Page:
All these big donors were men.  It would have been almost impossible for a nineteenth-century woman to earn this kind of money.  Women acquired wealth by inheriting it or marrying it.

Flora Stone Mather did both. Her marriage in 1881 to Euclid Avenue neighbor Samuel Mather was a love match that brought the couple four children – Samuel Livingstone Mather (born in 1882), Amasa Stone Mather (born in 1884), Constance Mather (born in 1889), and Philip Richard Mather (born in 1894).  The Mathers were a more distinguished family than the Stones, dating their American origins back to the famous Puritan ministers, Increase and Cotton Mather. Samuel’s father, Samuel Livingston Mather, came to Cleveland in 1843 to take charge of the family’s holdings, established by his own grandfather, Samuel Mather Jr., a stockholder in the Connecticut Land Company that settled the region. [6]

Although born into a wealthy family,  Flora’s husband had made his own fortune.  In 1869, he had permanently injured his arm while working in his father’s Michigan ore mines and did not attend Harvard as he had planned.  Instead, Samuel continued to work for his father’s company, Cleveland Iron Mining Company, and then founded Pickands Mather, a rival supplier of iron ore and transportation to the steel industry. He also held directorships in several iron and steel companies and banks. When Samuel died in 1931, he was considered the richest man in Ohio although the Great Depression had diminished his wealth. [7]

Amasa Stone’s death in 1883 left Flora an independently wealthy young woman.  Stone committed suicide, depressed by his own failing health, his son’s death, and the tragic collapse in 1876  of one of his railroad bridges, which killed 92 passengers and ruined Stone’s  reputation. [8] Flora and Clara each inherited $600,000; their husbands, author-diplomat John Hay and Samuel Mather, $100,000, plus whatever money was left over after Stone’s debts and other bequests were paid.   [9]

Flora had enough money during her lifetime to make dozens of gifts to local charities –  from the Visiting Nurse Association and the Humane Society to the YMCA, the Home for Aged Colored People, and Hathaway Brown School.  When she died in 1909 of breast cancer, she left money to a wide range of educational institutions, including Lake Erie College and Tuskegee Institute, various Presbyterian missionary groups, Cleveland Associated Charities, and the Association for the Blind.[10]

Her most compelling interests and her most generous gifts, however, were shaped by her  private religious faith that found public expression in serving those in need.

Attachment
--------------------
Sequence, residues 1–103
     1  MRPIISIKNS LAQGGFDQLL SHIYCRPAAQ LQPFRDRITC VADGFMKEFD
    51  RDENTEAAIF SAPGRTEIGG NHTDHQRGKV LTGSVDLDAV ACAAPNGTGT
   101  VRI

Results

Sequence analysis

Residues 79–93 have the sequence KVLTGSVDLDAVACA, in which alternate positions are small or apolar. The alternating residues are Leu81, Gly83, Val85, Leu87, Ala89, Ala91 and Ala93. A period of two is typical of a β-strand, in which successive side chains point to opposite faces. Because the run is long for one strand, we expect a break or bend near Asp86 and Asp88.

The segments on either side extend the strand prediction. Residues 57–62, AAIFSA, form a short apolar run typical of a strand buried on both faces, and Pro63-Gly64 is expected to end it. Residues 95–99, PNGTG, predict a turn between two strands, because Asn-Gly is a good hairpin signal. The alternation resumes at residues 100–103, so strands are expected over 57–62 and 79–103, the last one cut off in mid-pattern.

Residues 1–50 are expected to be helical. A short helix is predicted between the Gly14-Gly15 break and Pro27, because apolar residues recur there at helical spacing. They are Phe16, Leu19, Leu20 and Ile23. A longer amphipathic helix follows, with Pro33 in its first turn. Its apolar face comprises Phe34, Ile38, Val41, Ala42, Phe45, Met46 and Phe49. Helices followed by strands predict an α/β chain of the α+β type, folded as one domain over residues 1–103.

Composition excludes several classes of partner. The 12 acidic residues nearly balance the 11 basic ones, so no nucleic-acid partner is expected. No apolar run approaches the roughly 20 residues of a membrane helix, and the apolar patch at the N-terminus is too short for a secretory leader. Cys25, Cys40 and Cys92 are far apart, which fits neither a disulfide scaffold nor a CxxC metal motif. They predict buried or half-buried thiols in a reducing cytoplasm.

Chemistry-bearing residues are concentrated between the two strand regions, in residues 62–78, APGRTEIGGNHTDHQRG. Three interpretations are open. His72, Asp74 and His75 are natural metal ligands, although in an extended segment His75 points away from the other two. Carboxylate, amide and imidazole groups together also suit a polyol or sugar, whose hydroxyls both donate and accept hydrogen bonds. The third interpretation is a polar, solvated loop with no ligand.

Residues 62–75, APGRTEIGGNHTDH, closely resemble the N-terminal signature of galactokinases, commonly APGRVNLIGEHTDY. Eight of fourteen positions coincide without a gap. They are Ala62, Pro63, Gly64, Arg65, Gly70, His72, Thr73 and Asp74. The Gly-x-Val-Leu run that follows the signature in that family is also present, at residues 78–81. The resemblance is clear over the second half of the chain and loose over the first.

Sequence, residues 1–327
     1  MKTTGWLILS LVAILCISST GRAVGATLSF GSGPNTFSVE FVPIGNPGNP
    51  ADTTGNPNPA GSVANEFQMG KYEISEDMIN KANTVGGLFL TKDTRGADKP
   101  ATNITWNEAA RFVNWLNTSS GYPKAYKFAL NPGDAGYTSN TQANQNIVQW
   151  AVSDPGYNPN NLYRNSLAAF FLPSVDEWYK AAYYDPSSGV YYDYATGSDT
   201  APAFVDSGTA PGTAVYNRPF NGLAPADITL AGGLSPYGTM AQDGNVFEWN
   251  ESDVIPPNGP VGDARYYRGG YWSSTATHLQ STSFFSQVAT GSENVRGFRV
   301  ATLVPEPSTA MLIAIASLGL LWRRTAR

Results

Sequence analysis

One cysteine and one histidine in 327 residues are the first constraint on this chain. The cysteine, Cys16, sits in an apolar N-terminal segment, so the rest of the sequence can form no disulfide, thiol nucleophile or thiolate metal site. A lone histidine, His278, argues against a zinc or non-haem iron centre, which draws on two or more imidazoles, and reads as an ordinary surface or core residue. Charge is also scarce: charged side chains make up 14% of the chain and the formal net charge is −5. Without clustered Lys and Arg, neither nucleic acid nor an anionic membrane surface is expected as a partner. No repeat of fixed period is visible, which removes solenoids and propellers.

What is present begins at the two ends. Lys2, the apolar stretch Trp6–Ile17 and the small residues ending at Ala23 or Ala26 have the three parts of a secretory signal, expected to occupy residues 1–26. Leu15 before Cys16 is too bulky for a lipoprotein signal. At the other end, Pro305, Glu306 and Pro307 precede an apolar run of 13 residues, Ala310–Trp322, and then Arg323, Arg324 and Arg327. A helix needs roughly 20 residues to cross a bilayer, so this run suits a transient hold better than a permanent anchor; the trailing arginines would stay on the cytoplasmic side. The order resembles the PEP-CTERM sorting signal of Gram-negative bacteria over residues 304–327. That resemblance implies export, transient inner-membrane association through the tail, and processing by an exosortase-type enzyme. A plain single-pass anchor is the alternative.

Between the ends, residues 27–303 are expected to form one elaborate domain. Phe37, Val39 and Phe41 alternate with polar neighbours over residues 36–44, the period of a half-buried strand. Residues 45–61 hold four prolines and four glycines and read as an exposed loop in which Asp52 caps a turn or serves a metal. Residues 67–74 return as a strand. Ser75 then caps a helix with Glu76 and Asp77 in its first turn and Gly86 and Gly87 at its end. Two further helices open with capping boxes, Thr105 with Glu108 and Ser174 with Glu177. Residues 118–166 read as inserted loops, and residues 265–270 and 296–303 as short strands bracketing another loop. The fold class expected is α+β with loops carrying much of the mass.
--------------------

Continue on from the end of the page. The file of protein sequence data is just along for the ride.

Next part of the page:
The Stones belonged to First Presbyterian (Old Stone) Church, centrally located on Public Square, close to the Stones’ Euclid Avenue home.  The church, founded in 1827, boasted a socially and politically prominent congregation. Like most other wealthy Protestant churches, Old Stone sold or rented pews to its members.  In 1855, when the Stones were members, almost half of its pews cost more than $400 a year; eight cost $1,000.[11]   Obviously, this custom discouraged membership by the less wealthy.

Perhaps to compensate for the high price of its pews, the congregation also established a tradition of stewardship. Its members established the Western Seamen’s Friend Society in 1830, one of the city’s first charities, which built a chapel and organized a Sunday school to promote the physical and spiritual needs of the men who worked on the canal and the lake.

Although the leadership – lay and clerical – of Protestant churches was male, women carried on most of the institutions’ charitable activities. (They also did most of the fund-raising.) These allowed  women a socially sanctioned entrance into the world beyond home and family.  Led by Rebecca Rouse, the women of Old Stone founded the city’s first orphanage, the Cleveland Protestant Orphan Asylum, in 1852.  This is now Beechbrook, a residential treatment center for children.  In 1863, the women established a home for “poor and friendless people” –  later called the “Protestant Home for Friendless Strangers” –  who were so new to town that they were ineligible for the city Infirmary. [12]  Amasa Stone became the first in his family to donate money to this institution, which evolved into Lakeside Hospital and eventually University Hospitals.

             Like other Protestant churches, Old Stone experienced waves of religious revivalism in the last decades of the nineteenth century that gained the institution new members and new enthusiasm.  In 1866, for example, its pastor, Rev. William H. Goodrich, led a “powerful revival” with “marked indications of the presence of the Spirit” in the Young People’s Meeting.[13] Flora, then an impressionable 14, may well have felt that Spirit. [14]

             In 1867, Flora and Clara joined the newly formed Young Ladies Mission Society. The young women did their missionary work in the working-class neighborhood just to the north of the church where they sewed garments and raised funds for the mission church that became North Presbyterian, originally at E. 41st St. and Superior Ave. [15]

This missionary spirit also infused the temperance movement of the 1870s. Temperance was probably the most popular reform of the nineteenth century as American cities grew rapidly.  Too much alcohol in a country village was one thing;  too much in a congested urban neighborhood was another – obviously more harmful to persons and property.  Drinking was also associated with immigrants, especially Irish and Germans, not always welcomed by native-born Clevelanders. And to enthusiastic Protestants, conversion to temperance was the first step to finding salvation and true religion, a belief reinforced by the opposition to temperance by some Catholics.